The H2020 METRICS project (2020-2023) organizes competitions in four application areas (Healthcare, Infrastructure Inspection and Maintenance, Agri-Food, and Agile Production) relying on both physical testing facilities (field evaluation campaign) and virtual testing facilities (data-based evaluation campaign) to mobilize, in addition to the European robotics community, the artificial intelligence one. This article presents this approach and pave the way for a new robotics and artificial intelligence competition paradigm.
The aim of ACRE (Agri-food Competition for Robot Evaluation) is to provide a set of benchmarks for agricultural robots and smart implements. While involving capabilities of general application, ACRE puts a special focus on weeding, identified as one of the tasks where it is easier for robotics to demonstrate its potential. ACRE, as the other three robot competitions that are being organised by European project METRICS, is built on the established idea of benchmarking through competitions. In this paper we present the framework of ACRE and examples of its benchmarks.
Worldwide demographic projections point to a progressively older population. This fact has fostered research on Ambient Assisted Living, which includes developments on smart homes and social robots. To endow such environments with truly autonomous behaviours, algorithms must extract semantically meaningful information from whichever sensor data is available. Human activity recognition is one of the most active fields of research within this context. Proposed approaches vary according to the input modality and the environments considered.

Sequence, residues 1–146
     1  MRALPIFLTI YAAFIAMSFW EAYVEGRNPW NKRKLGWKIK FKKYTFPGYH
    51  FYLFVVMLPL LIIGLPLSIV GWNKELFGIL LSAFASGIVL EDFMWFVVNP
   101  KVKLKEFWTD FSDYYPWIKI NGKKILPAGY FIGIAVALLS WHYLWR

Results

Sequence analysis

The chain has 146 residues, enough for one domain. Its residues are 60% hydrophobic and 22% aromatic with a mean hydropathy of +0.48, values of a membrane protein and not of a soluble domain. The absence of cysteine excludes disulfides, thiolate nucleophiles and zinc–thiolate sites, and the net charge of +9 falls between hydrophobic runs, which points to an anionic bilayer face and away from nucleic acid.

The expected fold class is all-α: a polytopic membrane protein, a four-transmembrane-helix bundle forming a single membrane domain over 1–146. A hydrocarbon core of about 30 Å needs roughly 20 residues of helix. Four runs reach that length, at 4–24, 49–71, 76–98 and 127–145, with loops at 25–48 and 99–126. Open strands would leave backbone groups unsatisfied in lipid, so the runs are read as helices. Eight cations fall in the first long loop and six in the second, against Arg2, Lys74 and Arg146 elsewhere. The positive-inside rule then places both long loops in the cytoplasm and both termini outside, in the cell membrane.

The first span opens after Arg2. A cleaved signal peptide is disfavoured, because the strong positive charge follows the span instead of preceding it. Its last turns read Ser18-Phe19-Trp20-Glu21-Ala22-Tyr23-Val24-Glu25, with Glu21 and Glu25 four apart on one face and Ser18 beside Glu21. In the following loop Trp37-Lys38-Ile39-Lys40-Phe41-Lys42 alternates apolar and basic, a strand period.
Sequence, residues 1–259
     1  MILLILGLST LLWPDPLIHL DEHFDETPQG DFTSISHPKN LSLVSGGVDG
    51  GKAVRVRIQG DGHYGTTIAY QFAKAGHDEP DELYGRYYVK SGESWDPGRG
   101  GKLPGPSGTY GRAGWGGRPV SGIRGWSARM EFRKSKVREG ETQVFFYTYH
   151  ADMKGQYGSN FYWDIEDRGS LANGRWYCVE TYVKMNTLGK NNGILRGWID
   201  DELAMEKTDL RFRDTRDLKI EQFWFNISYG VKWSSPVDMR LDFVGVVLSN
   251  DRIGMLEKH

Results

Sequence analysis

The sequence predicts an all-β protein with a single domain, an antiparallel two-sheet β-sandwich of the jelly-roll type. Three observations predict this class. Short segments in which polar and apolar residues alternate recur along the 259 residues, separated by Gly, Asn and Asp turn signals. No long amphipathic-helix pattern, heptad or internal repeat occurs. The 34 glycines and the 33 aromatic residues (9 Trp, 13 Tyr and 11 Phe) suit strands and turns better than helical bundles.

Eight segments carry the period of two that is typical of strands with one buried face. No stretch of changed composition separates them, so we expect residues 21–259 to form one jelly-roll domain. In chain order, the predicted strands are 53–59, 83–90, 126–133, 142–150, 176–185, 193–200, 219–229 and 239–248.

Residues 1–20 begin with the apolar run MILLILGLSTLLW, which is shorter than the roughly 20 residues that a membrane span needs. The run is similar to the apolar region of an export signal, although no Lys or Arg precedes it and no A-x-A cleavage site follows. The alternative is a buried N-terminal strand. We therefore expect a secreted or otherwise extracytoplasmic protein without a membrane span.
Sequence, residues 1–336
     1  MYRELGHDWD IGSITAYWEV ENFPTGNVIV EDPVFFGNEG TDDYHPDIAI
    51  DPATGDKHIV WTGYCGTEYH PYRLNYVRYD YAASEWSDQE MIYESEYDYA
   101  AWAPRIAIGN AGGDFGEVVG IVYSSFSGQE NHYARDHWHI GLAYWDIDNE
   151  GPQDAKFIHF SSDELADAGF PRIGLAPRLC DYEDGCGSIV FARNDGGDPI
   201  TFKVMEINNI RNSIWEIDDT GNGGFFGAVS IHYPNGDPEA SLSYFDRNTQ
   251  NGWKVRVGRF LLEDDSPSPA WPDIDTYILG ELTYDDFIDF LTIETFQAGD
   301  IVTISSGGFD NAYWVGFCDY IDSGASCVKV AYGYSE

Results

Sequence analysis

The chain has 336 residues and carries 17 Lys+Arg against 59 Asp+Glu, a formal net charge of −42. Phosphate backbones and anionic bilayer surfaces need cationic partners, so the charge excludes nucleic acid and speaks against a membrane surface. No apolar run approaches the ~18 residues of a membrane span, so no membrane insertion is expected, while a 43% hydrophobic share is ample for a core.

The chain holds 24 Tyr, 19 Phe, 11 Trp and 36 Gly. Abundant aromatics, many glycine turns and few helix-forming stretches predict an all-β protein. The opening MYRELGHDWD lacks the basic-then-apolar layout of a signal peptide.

Recent developments in robotics and deep learning enable the training of models for a wide variety of tasks, from large amounts of collected data. Visual and robotic tasks, such as pose estimation or grasping, are trained from image data (RGB-D) or point clouds that need to be representative for the actual objects, to acquire accurate and robust results. This implies either generalized object models or large datasets that include all object and environment variability, for training. However, data collection is often a bottleneck in the fast development of learning-based models. In fact, data collection might be impossible or even undesirable, as physical objects are unavailable or the physical recording of data is too time-consuming and expensive. For example, when building a data recording setup with cameras and robotic hardware. CAD tools, in combination with robot simulation, offer a solution for the generation of training data that can be easily automated and that can be just as realistic as real world data. In this work, we propose a data generation pipeline that takes as input a CAD model of an object and automatically generates the required training data for object pose estimation and object grasp detection. The object data generated are: RGB and depth image, object binary mask, class label and ground truth pose in camera- and world frame. We demonstrate the dataset generation of several sets of industrial object assemblies and evaluate the trained models on state of the art pose estimation and grasp detection approaches. Code and video are available at: https://github.com/KulunuOS/gazebo_dataset_generation